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  Sanford Vet clinic  Sanford Vet clinic  

September 2010

1. Welcome to our new vet Elise
2. Adopted and adored
3. Choosing a puppy wisely
4. Flee the flea
5. Gardening with your pet in mind
6. When the waterworks aren't working

1. Welcome to our new vet Elise

Sanford Veterinary Clinic is pleased to welcome our new Veterinarian Elise Parkinson to the clinic. She was originally from Coromandle New Zealand and studied at Massey University in Palmerston North.

Since graduating in late 2009 Elise has volunteered with the RSPCA in New Zealand and the Amazon Shelter Wildlife Rescue and Rehabilitation Centre in Peru, South America working with monkeys, macaws, deer, turtles and peccaries. Elise joined us 3 weeks ago and is thoroughly enjoying her time both at the clinic and in Geraldton.

When asked what she enjoys most at Sanford, the reply was 'The friendly people, both colleagues and clients and seeing a wide variety of pets and animals including donkeys, kangaroos and dingos! Also the great support from the other vets and support staff at the clinic.'

In Geraldton Elise loves the beach and sun and friendly faces and would love to take up both water sports and joey rearing!

Elise’s interests include travel having visited many countries. Animals are another passion having owned horses and many other pets whilst growing up in New Zealand.

Veterinary interests include equine reproduction and lameness but Elise is interested in all aspects of mixed practice so can be seen in the clinic with cats, dogs, and pocket pets.

Elise is looking forward to gaining more experience in the clinic with horses, small animals and other exciting animals such as those cared for at the nearby Greenough Wildlife Park and pets in the Geraldton Community.

Elise looks forward to seeing you all sometime soon.

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2. Adopted and adored

'What do you want to buy a stupid little dog like that for?' Little did I realise how much I would regret that statement. Craig and his mother went to a reputable dog breeder to inspect the puppies for sale and picked the runt of the litter. As soon as he arrived home, Craig walked in the door to show off this little tricoloured ball of fluff, there was a custody battle. I had to have her. It was love at first sight.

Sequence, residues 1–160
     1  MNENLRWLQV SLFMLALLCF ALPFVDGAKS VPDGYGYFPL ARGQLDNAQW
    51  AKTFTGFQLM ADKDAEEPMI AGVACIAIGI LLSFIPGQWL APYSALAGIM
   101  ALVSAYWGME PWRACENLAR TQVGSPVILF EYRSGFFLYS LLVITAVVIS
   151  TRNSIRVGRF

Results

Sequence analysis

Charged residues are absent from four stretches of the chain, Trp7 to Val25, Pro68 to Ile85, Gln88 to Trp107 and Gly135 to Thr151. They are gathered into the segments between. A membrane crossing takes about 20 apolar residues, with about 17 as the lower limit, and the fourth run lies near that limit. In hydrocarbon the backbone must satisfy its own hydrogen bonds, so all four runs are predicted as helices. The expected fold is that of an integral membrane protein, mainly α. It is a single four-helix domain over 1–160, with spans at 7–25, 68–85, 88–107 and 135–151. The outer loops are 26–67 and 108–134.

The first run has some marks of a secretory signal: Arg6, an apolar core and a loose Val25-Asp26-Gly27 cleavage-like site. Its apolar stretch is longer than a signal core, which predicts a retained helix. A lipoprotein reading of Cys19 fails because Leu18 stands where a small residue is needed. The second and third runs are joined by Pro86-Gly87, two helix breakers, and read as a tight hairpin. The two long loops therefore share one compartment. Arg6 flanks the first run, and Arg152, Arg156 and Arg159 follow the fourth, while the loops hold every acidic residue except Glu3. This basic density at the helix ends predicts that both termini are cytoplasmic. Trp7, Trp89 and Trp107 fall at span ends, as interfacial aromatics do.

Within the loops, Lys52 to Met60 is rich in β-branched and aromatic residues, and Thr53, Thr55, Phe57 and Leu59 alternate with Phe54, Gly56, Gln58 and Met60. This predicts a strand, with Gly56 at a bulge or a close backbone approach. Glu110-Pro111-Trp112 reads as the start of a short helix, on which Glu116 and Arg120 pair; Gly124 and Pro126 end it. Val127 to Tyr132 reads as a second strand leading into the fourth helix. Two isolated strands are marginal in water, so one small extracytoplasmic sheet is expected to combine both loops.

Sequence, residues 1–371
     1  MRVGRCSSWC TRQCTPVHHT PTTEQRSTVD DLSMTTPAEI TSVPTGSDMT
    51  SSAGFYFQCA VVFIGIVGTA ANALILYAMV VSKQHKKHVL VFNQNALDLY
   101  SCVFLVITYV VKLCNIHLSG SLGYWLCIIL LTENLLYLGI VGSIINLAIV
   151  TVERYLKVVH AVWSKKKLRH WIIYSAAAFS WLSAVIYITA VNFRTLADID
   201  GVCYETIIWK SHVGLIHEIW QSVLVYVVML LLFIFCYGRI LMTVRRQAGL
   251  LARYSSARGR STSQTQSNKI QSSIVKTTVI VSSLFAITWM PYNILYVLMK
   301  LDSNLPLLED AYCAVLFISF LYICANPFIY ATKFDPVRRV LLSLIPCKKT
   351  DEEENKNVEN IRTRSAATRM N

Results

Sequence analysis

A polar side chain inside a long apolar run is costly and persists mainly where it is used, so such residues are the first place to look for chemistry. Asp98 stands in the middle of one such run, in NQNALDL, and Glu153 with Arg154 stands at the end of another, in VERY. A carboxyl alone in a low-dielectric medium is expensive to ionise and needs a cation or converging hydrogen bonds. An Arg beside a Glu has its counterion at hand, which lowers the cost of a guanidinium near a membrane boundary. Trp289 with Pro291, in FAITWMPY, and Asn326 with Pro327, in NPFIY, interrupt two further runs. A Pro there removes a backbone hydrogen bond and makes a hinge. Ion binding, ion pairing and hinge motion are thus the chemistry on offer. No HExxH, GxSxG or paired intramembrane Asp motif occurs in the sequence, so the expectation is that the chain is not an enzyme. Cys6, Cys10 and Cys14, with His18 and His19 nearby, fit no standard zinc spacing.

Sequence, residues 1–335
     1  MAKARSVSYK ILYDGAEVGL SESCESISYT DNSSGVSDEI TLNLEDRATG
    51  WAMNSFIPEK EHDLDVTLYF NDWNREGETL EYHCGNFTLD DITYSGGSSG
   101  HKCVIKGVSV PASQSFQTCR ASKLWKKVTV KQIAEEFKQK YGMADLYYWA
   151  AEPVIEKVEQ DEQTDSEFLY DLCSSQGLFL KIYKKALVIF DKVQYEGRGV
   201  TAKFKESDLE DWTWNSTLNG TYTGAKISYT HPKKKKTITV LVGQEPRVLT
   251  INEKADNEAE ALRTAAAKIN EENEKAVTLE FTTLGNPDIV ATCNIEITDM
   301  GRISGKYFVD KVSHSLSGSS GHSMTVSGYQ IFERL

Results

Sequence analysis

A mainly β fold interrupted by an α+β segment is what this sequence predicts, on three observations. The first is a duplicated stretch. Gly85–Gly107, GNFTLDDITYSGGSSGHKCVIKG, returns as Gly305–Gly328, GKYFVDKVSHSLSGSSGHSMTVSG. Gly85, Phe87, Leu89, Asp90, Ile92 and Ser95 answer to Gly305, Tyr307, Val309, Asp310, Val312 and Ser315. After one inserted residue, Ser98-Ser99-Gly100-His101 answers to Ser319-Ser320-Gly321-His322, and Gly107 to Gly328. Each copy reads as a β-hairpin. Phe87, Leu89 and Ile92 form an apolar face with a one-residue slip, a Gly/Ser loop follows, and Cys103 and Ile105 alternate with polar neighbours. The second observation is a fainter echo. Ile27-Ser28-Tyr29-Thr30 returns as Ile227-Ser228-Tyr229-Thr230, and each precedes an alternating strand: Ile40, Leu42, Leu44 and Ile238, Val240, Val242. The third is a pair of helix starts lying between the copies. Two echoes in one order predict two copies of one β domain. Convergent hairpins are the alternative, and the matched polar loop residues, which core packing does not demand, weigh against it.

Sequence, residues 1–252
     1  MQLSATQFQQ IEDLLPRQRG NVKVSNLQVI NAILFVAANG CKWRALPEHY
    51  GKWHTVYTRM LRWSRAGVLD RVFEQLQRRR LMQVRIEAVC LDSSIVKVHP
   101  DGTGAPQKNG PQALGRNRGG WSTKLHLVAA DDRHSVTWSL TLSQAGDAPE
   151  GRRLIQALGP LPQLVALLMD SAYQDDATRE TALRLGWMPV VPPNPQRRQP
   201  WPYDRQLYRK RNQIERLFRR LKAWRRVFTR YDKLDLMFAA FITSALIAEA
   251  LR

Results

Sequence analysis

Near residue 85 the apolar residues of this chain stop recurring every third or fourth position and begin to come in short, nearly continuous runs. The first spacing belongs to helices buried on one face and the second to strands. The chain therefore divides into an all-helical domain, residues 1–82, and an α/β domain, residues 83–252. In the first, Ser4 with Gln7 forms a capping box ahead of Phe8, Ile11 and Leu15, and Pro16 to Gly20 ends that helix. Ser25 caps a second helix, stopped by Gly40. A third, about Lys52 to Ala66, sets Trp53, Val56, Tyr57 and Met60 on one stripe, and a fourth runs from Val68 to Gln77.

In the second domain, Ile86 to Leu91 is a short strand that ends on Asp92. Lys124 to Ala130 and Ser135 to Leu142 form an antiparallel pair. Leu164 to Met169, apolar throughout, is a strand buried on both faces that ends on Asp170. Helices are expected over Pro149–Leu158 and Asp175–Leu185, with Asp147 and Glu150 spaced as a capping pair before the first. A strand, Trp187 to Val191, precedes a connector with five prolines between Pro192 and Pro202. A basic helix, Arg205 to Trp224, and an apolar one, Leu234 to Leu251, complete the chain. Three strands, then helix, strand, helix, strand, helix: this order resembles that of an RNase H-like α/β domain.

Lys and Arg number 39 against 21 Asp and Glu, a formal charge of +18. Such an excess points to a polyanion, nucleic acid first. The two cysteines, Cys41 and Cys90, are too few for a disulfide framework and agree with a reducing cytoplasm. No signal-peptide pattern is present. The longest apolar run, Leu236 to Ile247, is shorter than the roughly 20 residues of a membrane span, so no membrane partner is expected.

This is an excerpt taken from a beautiful tribute we received from one our readers. It is in memory of a special companion named Bella and you can read the entire story at www.mypetstories.com.au 

We want to hear about when you and your furry companion met. >Tell us in 100 words or less about when you and your furry companion met by clicking on the button below. 

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3. Choosing a puppy wisely

There has recently been much talk about the truth behind puppy farms in Australia. Animal inspectors have saved many dogs from horrible living conditions and a life of constant breeding.

In order to make money, many puppy farmers will sell to anyone; retail or wholesale, online, via newspapers or car boot sales. Before you purchase a puppy, to ensure you don't support these farms, you should follow these do's and don'ts:


  • Consider adopting a dog from a reputable rescue organisation first
  • If you have your heart set on a specific breed, make sure you visit the place where your puppy was born and bred and ask to meet its parents
  • Be familiar with the huge responsibilities involved in owning a puppy
  • Ask us for advice and help when choosing a puppy


  • Buy a puppy over the internet, newspaper advertisement or from a pet shop without doing your research first
  • Buy a puppy without first meeting the breeder and visiting its place of birth
  • Impulse buy - owning a dog should be the result of careful planning and consideration
  • Discriminate against mixed breed dogs - they make great pets and can be bred responsibly

Click here to read the RSPCA's Smart Puppy Buyer's Guide. 

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4. Flee the flea